Then my host family gave me a brief biography on Sonia Nazario.  A few days later my host family bought me “Enrique’s Journey.”  When I started reading the book I did not want to stop reading this wonderful book. My experience reading Enrique’s Journey has been one of the most important in my life because this book talks about a reality that we are living now in our Central American countries, where thousands of children are traveling every year, crossing the borders to find their mother in the U.S., and we see that our governments do not do anything for these people, but I know that people from other countries are working hard for us.

I will never forget the day when I met Sonia Nazario on December 4.  When I met her I remember that I was reading my speech and she came in front of me and I said, “I cannot believe it.”  I could not believe what was happening in this moment because it was all so fast, but then I realized that I was talking with Sonia Nazario. Something that I always remember is a question that she asked me when we were talking before the conference. The question was: “Are you an orphan?”  And at the beginning I was laughing because of the directness of her question.  But my answer for her was, so I do not have mother and father, but I found a new family and this family is NPH. I think that NPH is my family because it always has supported me, always been there in my difficult and in my happy moments, and given me so many opportunities.

When I was at the podium introducing her, my first three minutes I felt nervous but then I felt comfortable because meeting her before the conference helped me a lot. This experience for me is one of the most important in my life, because I met a brave, courageous woman who is fighting for the people who do not have A VOICE IN THIS SYSTEM, and the poorest people, and I realize that there are people working for those people.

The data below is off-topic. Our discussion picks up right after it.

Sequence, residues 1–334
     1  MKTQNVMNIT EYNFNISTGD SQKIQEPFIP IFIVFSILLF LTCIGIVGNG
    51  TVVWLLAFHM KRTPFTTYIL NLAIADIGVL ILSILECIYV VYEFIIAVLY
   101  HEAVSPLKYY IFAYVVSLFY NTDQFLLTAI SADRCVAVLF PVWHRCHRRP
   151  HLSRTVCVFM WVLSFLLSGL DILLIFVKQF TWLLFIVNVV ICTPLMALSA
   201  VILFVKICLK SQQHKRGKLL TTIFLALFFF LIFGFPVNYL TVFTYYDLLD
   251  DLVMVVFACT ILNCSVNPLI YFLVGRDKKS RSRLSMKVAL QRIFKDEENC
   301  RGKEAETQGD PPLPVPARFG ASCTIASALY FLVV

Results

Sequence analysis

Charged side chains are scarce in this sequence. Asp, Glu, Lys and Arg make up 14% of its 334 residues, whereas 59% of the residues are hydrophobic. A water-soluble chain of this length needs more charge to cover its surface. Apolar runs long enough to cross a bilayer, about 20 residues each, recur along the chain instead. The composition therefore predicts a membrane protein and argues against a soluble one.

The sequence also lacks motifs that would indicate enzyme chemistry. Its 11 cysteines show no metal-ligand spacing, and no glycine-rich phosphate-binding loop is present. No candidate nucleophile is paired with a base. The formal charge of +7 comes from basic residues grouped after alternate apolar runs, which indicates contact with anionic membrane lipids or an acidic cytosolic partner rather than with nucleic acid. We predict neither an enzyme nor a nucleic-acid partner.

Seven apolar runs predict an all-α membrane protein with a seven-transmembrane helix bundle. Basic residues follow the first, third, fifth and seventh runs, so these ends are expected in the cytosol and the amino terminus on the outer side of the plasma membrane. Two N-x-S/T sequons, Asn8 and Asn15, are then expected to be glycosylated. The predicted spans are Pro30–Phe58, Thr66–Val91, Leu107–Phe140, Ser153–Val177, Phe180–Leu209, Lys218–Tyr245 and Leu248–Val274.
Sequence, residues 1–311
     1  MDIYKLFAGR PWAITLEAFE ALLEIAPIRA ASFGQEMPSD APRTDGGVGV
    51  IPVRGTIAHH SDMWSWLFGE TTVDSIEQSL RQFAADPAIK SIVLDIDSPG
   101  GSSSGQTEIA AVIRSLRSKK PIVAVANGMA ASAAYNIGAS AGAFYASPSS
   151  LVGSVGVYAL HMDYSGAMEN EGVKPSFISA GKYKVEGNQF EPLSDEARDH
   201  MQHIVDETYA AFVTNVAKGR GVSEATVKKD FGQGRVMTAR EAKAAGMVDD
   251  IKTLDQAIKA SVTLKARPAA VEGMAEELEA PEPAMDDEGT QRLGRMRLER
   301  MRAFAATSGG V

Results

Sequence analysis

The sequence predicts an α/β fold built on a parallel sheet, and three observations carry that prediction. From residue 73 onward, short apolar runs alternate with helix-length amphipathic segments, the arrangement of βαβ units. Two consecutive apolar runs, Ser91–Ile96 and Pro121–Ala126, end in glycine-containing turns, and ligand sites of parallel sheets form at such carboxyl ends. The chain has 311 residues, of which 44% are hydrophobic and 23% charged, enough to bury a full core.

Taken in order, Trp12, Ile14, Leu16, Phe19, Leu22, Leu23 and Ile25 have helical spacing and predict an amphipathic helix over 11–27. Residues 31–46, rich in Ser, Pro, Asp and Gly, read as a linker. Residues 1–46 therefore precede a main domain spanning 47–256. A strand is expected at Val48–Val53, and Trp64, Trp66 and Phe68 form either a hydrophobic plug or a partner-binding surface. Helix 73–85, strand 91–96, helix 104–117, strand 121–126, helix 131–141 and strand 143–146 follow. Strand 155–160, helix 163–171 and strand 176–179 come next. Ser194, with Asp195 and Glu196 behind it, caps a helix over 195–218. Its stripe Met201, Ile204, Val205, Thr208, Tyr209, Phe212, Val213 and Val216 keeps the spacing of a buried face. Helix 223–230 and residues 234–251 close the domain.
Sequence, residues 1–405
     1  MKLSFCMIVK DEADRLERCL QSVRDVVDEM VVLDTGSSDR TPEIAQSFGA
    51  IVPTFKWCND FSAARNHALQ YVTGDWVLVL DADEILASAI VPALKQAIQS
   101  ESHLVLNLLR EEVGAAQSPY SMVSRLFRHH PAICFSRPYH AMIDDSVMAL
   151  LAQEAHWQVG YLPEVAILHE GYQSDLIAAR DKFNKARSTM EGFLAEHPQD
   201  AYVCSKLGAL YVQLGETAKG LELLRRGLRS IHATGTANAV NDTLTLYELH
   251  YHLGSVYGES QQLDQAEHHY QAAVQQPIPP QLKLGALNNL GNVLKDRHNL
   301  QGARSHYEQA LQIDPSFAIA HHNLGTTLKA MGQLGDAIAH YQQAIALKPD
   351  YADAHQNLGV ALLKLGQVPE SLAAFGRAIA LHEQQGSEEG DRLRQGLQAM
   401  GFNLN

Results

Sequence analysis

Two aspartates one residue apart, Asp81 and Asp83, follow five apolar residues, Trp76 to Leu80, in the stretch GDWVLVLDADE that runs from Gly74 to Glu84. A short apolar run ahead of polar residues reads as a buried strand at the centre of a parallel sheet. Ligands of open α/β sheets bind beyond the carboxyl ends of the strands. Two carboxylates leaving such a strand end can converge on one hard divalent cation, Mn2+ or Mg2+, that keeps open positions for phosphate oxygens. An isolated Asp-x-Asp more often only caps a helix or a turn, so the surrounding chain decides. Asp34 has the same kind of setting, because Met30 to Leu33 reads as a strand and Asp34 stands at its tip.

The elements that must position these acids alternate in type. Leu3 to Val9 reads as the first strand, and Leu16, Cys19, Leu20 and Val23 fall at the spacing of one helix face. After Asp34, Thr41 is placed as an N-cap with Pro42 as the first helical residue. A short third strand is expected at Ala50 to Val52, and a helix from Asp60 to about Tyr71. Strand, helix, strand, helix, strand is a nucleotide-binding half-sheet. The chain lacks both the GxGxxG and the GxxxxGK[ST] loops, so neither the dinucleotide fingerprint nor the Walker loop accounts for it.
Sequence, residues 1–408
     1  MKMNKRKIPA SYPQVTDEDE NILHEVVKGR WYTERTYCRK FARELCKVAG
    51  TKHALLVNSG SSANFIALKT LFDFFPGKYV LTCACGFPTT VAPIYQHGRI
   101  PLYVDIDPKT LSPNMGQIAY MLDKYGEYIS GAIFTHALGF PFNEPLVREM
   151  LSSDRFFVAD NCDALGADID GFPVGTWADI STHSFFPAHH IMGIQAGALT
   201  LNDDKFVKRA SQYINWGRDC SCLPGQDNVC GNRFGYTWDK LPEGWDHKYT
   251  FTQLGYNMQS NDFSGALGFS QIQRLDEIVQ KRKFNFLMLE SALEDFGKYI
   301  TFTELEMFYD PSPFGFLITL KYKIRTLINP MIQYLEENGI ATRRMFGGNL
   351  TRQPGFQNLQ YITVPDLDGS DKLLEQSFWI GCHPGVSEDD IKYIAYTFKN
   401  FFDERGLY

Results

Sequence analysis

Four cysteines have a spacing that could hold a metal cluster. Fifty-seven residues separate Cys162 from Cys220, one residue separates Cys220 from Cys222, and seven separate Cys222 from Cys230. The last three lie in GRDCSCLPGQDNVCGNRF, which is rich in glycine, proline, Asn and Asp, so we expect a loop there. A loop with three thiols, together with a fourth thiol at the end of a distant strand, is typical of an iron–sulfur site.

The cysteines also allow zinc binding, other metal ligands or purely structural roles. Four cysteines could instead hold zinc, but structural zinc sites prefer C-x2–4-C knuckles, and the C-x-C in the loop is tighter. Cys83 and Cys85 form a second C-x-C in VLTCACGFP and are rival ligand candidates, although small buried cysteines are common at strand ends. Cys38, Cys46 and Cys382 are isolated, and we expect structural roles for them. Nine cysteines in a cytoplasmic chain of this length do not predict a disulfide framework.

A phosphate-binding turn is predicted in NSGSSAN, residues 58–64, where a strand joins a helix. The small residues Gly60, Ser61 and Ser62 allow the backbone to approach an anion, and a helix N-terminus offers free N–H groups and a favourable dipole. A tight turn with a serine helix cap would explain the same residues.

I learned that all the pain these people suffer to get to the USA is priceless, just because in our countries people do not have an opportunity to have their basic needs met, so this is the main reason why people have to emigrate to provide the best for their children, such as education, healthcare and food.

The experience of reading “Enrique’s Journey” definitely changed my way of thinking about this problem, and I realized the poorest people who do not have a lot are often the people who share the little that they have with each other.

This book connects to my life in many ways, first because the boy who she talks about is Honduran. Second because since he was a little boy his father abandoned him besides his mother. My case was the same  because my father abandoned me and my mother died when I was two years old, so both of us were abandoned by our fathers. It is why I say I, like Enrique, could have been one of the thousands children traveling every year crossing the borders.

I liked Sonia when I met her before the conference because she looks friendly, and I could talk about topics that I like to talk about. I really enjoyed having a conversation with Sonia Nazario especially because she knows the reality of my country.

Thursday, December 11, 2014

Christmas Message From Fr. Rick Frechette

The below is a powerful Christmas message from Fr. Rick Frechette, National Director, NPH Haiti

Only two weeks ago, on a cold and wet night, at this time of the year when the darkness of solstice heralds the birth of the Savior, a mother with nowhere to go, hovered timidly near our gate.

The night was pregnant with both danger and destiny, as was the night when Jesus was born. We ourselves were as unaware of what was happening, as was the world of 2000 years ago. In the darkness and quiet of night, God shapes the life of a new day, and God’s instruments are dreams, inspirations, intuitions, deep rest, and silent growth as we sleep.

In vain is your earlier rising, you’re going later to rest, you who toil for the bread you eat, when he pours gifts on his beloved while they slumber (Ps 127:2).

But the shadows of night can also torment the weak and innocent, and lead one down dark paths of despair and destruction. The young mother at our gate was confused, weak and innocent, and in danger.

She was only a teenager. Her pregnancy was a scandal. She didn’t know where to go. There was no room for her at any Inn.

Her story was, once again, the story of Mary, lived out so many times throughout history.